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Teaching Patient- and Family-Centered Care

Teaching Patient- and Family-Centered Care

21st Century Medicine That Is Respectful and Compassionate

One of our strategic priorities is to become the national leader in providing and teaching patient- and family-centered care. That tradition began 123 years ago, when the founders of our medical school insisted that physicians learn to listen carefully to—and consider—patients’ accounts of their own illnesses. Although technology should make it easier than ever to partner with our patients, some clinicians worry that humanistic medicine is becoming harder and harder to practice.

Many in the medical profession are wrestling with how to ensure that we balance cutting-edge medicine and lifesaving technologies with the need for a human touch and listening to what a patient wants and values.

On one hand, the central precept of the profession is compassion. Many of us enter the field of medicine to help our patients and their families relieve suffering. However, there are factors that impinge on humanism in the practice of medicine, including:

  • The time required to study and master vast quantities of highly technical information
  • The time constraints of a busy practice
  • The distancing effect of increasingly sophisticated technologies
  • Increasing bureaucracy and documentation
  • Burnout or disillusionment

The good news is that medical training has been trending in a more humanistic direction over the past decade in our attempts to produce a more compassionate workforce. Change in medical schools’ selection criteria produces more caring physicians. For example, at Johns Hopkins, we look not only at MCAT scores but also at the candidates’ interests and activities, their commitment to the world around them, and the qualities highlighted in their letters of support.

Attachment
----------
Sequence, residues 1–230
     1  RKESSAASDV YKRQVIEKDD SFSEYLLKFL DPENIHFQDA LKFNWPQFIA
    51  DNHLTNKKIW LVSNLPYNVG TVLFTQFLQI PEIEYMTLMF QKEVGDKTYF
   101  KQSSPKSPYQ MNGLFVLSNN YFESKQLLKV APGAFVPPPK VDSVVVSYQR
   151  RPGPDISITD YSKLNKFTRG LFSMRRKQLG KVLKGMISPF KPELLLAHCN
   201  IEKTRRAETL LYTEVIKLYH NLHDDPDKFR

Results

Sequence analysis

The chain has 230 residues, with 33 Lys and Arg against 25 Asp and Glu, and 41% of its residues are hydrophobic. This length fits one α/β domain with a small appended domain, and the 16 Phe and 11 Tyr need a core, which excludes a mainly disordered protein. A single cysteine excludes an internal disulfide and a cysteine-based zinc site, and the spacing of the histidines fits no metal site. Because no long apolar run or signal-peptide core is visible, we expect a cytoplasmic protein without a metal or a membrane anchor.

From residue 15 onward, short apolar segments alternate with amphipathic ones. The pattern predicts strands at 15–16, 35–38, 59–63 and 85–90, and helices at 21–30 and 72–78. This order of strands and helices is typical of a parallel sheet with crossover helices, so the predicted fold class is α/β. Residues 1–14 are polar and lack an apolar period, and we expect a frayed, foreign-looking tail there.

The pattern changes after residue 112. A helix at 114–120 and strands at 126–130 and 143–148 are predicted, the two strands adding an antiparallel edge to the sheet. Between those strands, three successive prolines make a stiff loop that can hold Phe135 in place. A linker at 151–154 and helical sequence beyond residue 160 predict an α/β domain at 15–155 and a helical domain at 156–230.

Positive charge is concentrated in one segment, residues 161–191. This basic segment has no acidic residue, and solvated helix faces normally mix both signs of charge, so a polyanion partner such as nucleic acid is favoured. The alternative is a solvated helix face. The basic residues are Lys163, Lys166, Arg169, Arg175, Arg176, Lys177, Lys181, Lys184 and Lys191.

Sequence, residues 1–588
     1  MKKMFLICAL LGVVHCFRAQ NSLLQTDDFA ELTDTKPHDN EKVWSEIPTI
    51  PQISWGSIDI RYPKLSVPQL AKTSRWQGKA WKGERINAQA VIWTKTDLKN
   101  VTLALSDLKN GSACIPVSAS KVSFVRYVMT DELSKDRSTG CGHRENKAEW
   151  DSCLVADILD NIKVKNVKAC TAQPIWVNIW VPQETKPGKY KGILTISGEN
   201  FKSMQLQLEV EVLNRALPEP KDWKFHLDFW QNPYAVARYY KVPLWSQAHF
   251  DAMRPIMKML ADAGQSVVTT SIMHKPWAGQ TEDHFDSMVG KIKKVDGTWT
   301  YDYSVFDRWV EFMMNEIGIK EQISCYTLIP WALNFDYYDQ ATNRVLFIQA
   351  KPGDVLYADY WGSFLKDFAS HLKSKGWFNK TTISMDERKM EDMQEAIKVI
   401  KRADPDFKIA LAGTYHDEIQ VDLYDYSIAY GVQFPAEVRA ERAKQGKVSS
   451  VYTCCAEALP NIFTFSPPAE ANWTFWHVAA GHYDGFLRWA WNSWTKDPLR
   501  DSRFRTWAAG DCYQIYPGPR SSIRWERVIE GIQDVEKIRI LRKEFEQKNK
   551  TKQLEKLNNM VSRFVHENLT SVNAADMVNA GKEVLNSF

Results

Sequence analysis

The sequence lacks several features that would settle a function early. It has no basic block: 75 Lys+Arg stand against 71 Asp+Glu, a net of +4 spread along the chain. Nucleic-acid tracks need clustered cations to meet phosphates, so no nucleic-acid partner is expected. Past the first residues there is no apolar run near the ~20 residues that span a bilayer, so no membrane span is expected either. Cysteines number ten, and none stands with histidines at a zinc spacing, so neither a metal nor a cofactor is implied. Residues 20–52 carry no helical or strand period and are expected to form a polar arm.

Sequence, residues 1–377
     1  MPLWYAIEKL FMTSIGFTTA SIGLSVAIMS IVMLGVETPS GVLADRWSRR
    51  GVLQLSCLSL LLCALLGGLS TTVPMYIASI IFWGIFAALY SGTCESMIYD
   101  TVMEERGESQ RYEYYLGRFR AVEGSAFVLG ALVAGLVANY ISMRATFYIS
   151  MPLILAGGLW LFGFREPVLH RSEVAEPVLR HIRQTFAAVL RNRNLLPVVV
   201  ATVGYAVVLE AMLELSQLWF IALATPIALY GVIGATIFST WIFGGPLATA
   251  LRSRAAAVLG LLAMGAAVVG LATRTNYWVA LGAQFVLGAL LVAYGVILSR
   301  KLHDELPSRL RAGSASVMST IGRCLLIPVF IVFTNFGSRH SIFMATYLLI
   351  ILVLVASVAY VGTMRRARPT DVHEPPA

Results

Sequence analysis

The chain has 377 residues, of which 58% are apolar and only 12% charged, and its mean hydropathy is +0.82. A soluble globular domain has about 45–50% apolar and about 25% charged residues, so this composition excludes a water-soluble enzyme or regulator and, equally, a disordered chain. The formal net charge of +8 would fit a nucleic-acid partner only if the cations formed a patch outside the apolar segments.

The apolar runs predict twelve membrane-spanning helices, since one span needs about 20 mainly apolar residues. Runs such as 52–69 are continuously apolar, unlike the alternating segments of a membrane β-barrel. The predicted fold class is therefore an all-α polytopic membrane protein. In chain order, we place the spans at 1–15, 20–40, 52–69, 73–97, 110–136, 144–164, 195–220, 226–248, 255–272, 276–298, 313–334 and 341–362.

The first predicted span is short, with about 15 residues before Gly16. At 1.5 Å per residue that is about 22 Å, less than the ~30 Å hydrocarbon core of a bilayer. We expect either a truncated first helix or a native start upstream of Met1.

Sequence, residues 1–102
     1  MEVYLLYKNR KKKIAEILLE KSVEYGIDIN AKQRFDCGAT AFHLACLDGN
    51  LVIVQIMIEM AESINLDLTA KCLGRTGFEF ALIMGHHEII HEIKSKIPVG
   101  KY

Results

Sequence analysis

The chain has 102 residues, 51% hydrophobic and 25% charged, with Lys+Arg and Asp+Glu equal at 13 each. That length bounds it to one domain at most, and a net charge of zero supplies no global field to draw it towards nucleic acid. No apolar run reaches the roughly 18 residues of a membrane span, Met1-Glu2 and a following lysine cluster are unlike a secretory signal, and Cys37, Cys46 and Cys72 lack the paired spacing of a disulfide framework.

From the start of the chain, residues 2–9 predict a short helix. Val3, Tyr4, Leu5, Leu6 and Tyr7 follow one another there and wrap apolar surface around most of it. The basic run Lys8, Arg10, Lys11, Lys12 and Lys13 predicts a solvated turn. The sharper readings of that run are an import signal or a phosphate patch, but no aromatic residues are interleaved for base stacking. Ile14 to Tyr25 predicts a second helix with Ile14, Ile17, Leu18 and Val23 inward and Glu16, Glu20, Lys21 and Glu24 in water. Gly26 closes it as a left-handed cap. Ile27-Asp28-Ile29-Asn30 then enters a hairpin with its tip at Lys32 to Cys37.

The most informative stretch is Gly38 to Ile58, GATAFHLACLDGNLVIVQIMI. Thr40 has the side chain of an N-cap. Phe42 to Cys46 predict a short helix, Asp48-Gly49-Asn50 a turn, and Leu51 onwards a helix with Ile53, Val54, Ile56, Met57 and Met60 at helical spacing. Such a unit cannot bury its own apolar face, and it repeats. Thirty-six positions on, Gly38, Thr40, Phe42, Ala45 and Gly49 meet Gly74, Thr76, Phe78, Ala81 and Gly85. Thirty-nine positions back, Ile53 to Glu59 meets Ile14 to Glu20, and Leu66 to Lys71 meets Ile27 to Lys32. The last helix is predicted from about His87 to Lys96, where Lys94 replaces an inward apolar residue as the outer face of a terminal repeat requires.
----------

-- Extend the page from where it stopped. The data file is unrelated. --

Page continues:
In addition, there have been positive changes to both the medical school curriculum and the residency model. Under our revamped Genes to Society curriculum, students begin speaking with patients in the clinic in the first month of medical school and focus on the impact that social, community and environmental issues have on the health of individuals. We’ve also made great strides in our residency training. Work hours have been reined in for interns and residents, and we require our trainees to participate in service projects to help them develop empathy and the ability to relate to people of different backgrounds.

The new, state-of-the-art Capacity Command Center at The Johns Hopkins Hospital improves our ability to manage the flow of our patients, making sure that each individual receives the specific care needed while also allowing more patients access to our services.

At the same time, we are moving toward exclusively single-patient rooms in all of our hospitals, in part so that patients’ conversations with their doctors are more private.

Health care providers have also adopted policies to preserve the intimacy of the physician/patient relationship, including setting up exam rooms to keep the note-taking laptop out of the way so the doctor can still face and make eye contact with the patient.

As physicians, it behooves us to get patients involved in the healing process—to try to understand their goals and find the path that best meets their needs. Caring doctors are better doctors. They practice safer medicine, earn more trust from patients and get them more engaged in their own health care, leading to better outcomes. To lead this change, we must be creative in managing the demands associated with the practice of medicine while fulfilling our firm commitment to knowing our patients and understanding their needs.

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